The saturated clouds had a silver lining for Mi Jung Hur here at the Aberdeen Standard Investments Ladies Scottish Open.

On a miserable day at The Renaissance, which was so wet it probably led to the Bass Rock having to undergo some damp-proofing work, the 29-year-old from Korea conjured a great, squelching surge to ease to a four shot victory and claim her third LPGA Tour title and a first since 2014.

Hur covered her final 10 holes in six-under-par en route to a charging 66 for a 20-under 264.

That left her comfortably clear of joint runners-up Mariya Jutanugarn of Thailand and the reigning US Women’s Open champion Jeongeun Lee6 with Scotland’s Carly Booth earning a share of ninth on 10-under.

As the rain came down and everything was as grey and as sodden as a torpedoed battleship, Hur illuminated affairs with a terrific display of craft and composure while her bright green luminous waterproofs just about seared the retinas of those peering on.

With the leaderboard tightly bunched – there were four sharing the lead at one point around the turn – Hur’s decisive thrust propelled her away from the pack.

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Two years ago, she harnessed appalling conditions at Dundonald to finish in a share of second in the Scottish Open.

Here in the east of the country, and with a little help from local caddie Gary Marshall, she plotted a path to a fine conquest and the first prize of almost £187,000. Marshall’s calming words, pearls of wisdom and general nous was a key weapon in Hur’s armoury.

“During Thursday’s first round I started with a birdie on the first hole but then made two bogeys and I was mad,” she recalled. “He told me on the fourth tee box, ‘come on, MJ, you can win this tournament’. And then today, I had made a bogey on the third and again on the fourth tee he helped me to calm down again.”

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It certainly had the desired effect. After a stream of pars, Hur birdied the ninth which provided the catalyst for a profitable push of four birdies in a row.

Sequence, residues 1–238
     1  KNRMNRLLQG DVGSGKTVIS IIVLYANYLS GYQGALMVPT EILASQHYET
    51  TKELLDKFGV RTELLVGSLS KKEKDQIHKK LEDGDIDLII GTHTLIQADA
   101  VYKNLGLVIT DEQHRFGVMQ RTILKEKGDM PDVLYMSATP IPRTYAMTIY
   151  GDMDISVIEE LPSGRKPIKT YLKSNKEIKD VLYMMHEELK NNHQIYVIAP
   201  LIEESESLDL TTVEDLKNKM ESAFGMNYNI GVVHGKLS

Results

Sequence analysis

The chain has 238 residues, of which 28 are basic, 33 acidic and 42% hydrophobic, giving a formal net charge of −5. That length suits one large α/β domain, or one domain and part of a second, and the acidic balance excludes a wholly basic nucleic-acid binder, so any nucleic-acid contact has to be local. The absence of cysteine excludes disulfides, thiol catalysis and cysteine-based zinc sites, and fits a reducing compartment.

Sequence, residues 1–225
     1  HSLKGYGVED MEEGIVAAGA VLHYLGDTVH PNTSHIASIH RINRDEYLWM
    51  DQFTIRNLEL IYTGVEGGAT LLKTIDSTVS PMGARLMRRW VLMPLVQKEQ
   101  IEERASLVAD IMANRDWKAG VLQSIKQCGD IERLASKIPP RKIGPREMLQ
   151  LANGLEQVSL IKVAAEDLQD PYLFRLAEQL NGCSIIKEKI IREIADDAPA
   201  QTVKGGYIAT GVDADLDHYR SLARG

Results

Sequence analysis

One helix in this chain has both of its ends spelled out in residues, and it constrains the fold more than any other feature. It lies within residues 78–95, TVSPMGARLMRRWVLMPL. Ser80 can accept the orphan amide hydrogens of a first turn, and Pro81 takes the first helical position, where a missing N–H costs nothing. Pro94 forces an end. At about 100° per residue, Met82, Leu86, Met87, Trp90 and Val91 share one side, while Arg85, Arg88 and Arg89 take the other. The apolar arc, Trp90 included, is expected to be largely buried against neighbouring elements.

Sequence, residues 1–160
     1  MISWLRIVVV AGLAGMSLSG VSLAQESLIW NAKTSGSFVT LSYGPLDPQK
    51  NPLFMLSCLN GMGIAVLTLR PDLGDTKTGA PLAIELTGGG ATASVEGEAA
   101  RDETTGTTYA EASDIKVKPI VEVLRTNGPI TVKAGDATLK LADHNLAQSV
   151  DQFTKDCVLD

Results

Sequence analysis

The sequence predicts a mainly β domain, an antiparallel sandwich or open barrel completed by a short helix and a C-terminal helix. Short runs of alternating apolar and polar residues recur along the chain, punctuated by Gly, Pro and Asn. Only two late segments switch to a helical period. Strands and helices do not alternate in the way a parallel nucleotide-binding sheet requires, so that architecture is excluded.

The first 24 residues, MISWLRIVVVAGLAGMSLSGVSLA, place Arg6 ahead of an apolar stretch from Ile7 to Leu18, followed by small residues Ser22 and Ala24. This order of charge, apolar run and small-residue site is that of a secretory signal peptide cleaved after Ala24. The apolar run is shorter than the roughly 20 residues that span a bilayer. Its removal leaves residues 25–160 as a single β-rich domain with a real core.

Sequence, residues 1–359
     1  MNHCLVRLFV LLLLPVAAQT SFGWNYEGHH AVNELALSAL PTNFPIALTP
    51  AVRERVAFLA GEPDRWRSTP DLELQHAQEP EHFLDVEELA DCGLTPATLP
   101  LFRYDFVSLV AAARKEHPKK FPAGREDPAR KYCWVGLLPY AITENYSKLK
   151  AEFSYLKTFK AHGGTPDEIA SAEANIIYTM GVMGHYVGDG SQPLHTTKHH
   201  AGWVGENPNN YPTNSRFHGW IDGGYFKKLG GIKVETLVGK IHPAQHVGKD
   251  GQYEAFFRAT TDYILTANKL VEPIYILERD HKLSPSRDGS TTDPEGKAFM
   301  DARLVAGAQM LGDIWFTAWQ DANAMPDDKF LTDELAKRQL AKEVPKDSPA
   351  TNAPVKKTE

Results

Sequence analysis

Her back nine of 31 didn’t earn a guard of honour but it did get a guard of squeegees as the hardworking greenkeepers battled manfully to keep the water at bay.

A pivotal moment for Hur came on the par-5 12th when she left herself 30-feet away from the pin with her third shot but managed to hole the raking putt. “After that, I felt I could win the tournament and I just played with confidence after that,” she admitted.

As Hur celebrated, there were reasons to be cheerful for Anne van Dam, whose share of sixth secured automatic qualification for Europe’s Solheim Cup team. Sweden’s Anna Nordqvist also rubber-stamped her qualification for Catriona Matthew’s side.

Booth, meanwhile, hadn’t dropped a shot for 50 holes but she made bogeys on the 16th and the 18th in a closing 71.

The 27-year-old still managed a top-10 finish though and the cheque for around £29,350 was almost as much as she collected for winning the Scottish title seven years ago.

As the leading Scot in the field, Booth picked up the Douglas Lowe Memorial Trophy, a prize dedicated to the memory of The Herald’s former golf correspondent.

“I can’t pick out too many negatives,” said an upbeat Booth. “This event is different from when I won it and you’re now playing against some of the best in the world. The standard is so much higher.”

In the end, it was the inspired Hur who set that standard.